A number of recent awards and achievements indicate the strength and quality of policy-making guidance provided by the Centre for Small & Medium Sized Enterprises (CSME) at the University of Warwick Business School. Headed by Professor David Storey, the CSME’s staff has scored these successes in the past few months:
Advising the policy makers
1. An important thrust of CSME’s work has always been to advise policy-makers in government. Professor David Storey has been re-appointed for a further two years to the Small Business Council (SBC), and is still the sole academic to sit on it.
2. During the last weeks of 2002, David made several visits to No 10 Downing St and the Treasury, along with the Chair of the SBC, finalising publication of Enterprise Britain, a document aimed at policy-makers. The report is signed by both Patricia Hewitt and Gordon Brown, a ground-breaker in that it is the first small business report to be signed by figureheads of both the Treasury AND the DTI.
3. David is again working for the OECD, on its SME working party. In Spring 2004 it plans to bring all Small Business Ministers of OECD members to a conference in Istanbul. David has been invited to speak and contribute material for this ministerial-level gathering.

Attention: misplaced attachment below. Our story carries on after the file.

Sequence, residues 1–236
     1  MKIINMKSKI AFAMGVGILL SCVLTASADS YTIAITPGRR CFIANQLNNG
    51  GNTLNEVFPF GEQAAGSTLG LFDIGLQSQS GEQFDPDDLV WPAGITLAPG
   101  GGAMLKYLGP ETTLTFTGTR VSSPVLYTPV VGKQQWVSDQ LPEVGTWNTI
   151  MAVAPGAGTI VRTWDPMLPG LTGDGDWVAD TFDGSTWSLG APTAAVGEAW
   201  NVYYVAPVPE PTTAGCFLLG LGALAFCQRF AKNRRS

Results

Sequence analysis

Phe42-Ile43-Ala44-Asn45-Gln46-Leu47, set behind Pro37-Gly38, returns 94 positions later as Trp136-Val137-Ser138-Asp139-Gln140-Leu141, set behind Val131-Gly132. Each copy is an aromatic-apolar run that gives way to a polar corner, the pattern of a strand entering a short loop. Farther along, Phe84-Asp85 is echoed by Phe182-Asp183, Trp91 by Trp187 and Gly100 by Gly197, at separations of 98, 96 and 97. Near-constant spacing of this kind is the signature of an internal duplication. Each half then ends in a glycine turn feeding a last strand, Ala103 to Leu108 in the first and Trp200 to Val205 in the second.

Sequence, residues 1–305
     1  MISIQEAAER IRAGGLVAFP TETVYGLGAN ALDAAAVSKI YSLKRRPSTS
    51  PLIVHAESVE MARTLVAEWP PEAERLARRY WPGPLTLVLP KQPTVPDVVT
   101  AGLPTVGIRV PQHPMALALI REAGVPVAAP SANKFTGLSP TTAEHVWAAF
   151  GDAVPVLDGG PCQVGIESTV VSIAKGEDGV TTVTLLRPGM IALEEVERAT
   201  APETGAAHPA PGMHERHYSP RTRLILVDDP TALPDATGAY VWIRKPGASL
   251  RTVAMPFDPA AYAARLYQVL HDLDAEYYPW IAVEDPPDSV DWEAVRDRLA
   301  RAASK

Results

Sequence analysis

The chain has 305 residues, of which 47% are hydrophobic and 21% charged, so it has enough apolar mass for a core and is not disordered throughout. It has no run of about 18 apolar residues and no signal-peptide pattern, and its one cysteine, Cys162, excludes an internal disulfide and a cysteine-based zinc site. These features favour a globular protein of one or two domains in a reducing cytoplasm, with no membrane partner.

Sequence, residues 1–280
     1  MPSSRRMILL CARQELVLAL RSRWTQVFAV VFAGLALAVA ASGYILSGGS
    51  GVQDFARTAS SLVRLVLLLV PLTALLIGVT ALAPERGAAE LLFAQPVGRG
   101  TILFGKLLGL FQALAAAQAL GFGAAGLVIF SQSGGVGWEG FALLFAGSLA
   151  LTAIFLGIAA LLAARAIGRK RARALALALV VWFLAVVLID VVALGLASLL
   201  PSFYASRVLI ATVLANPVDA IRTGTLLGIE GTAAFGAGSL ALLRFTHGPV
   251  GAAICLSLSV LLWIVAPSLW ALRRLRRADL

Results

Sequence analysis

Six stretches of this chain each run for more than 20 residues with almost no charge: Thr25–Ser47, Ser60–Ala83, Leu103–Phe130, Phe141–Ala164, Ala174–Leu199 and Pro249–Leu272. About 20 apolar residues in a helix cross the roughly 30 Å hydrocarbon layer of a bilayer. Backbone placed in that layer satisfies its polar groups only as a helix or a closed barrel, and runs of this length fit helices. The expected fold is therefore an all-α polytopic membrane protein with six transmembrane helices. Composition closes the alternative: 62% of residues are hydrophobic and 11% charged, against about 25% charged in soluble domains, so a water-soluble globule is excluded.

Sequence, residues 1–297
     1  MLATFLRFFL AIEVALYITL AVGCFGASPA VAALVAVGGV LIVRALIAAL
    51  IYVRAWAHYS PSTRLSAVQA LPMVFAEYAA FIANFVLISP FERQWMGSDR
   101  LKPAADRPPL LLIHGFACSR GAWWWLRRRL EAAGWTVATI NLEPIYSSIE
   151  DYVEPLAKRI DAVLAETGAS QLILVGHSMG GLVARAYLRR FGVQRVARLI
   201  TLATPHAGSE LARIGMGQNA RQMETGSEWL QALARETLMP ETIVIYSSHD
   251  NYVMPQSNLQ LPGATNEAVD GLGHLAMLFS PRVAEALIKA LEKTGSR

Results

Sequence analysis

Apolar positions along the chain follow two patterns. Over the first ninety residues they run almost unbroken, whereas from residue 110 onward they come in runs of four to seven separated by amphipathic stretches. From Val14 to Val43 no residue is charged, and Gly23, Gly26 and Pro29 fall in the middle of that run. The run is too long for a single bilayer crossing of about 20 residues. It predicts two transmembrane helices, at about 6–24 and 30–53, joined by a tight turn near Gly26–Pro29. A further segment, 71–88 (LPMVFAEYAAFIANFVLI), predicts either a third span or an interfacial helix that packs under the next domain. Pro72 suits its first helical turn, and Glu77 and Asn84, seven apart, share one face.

4. Dr Kevin Mole, Research Fellow in CSME, produced a paper on Productivity in SMEs, published by the Small Business Service in late 2002. It is now being widely quoted around government and policy-making circles.
5. Dr Stuart Fraser, Midlands Productivity Research Fellow in CSME, won joint best paper at the national conference of the Institute for Small Business Affairs in November 2002. Stuart’s paper entitled IIP(Investors in People) in Small Firms had to compete with over 100 other submissions. At the same event, Dr Francis Greene, Lecturer, and Kevin Mole’s paper Entrepreneurship in Three English Counties won best policy paper.
Teaching entrepreneurship – by example
December 2002 saw Dr Andrew Burke launch the International Journal of Entrepreneurship Education (IJEE). This new venture was in itself an entrepreneurial project – Andrew saw a gap in the market, and together with two students he once taught, found funding to publish and launch the IJEE.
The journal promotes the idea that success in starting a business is not confined to the charismatic few, but is something that can be learned. It focuses on the aspects of entrepreneurship that can be taught, believing that knowledge, more consistently than personality types, determines whether new ventures succeed or fail.
Andrew, one of the Journal’s founding editors, said, “What makes a successful entrepreneur varies across industries and even within firms at different stages of their evolution. Contrary to popular myth, personality, psychological make-up, and life experiences are very limited predictors of who will become an entrepreneur. A good understanding of the economics of the entrepreneurial market in which the firm operates, alongside a grasp of core business skills, are key. The constant features that are associated with successful entrepreneurship are skills and perspectives that can largely be taught.”
For further information contact:
Diana Holton, Press Information Officer Tel. 024 7652 2985